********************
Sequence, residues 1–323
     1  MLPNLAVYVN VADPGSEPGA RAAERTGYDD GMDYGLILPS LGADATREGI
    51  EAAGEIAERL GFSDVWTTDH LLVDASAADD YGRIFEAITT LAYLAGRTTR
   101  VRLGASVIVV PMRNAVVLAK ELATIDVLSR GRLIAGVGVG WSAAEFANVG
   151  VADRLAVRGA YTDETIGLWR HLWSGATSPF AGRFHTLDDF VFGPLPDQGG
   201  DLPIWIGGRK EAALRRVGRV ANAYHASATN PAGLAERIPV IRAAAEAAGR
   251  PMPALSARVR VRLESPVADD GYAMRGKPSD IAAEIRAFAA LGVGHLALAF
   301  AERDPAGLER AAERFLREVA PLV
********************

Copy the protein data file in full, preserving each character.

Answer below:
Sequence, residues 1–323
     1  MLPNLAVYVN VADPGSEPGA RAAERTGYDD GMDYGLILPS LGADATREGI
    51  EAAGEIAERL GFSDVWTTDH LLVDASAADD YGRIFEAITT LAYLAGRTTR
   101  VRLGASVIVV PMRNAVVLAK ELATIDVLSR GRLIAGVGVG WSAAEFANVG
   151  VADRLAVRGA YTDETIGLWR HLWSGATSPF AGRFHTLDDF VFGPLPDQGG
   201  DLPIWIGGRK EAALRRVGRV ANAYHASATN PAGLAERIPV IRAAAEAAGR
   251  PMPALSARVR VRLESPVADD GYAMRGKPSD IAAEIRAFAA LGVGHLALAF
   301  AERDPAGLER AAERFLREVA PLV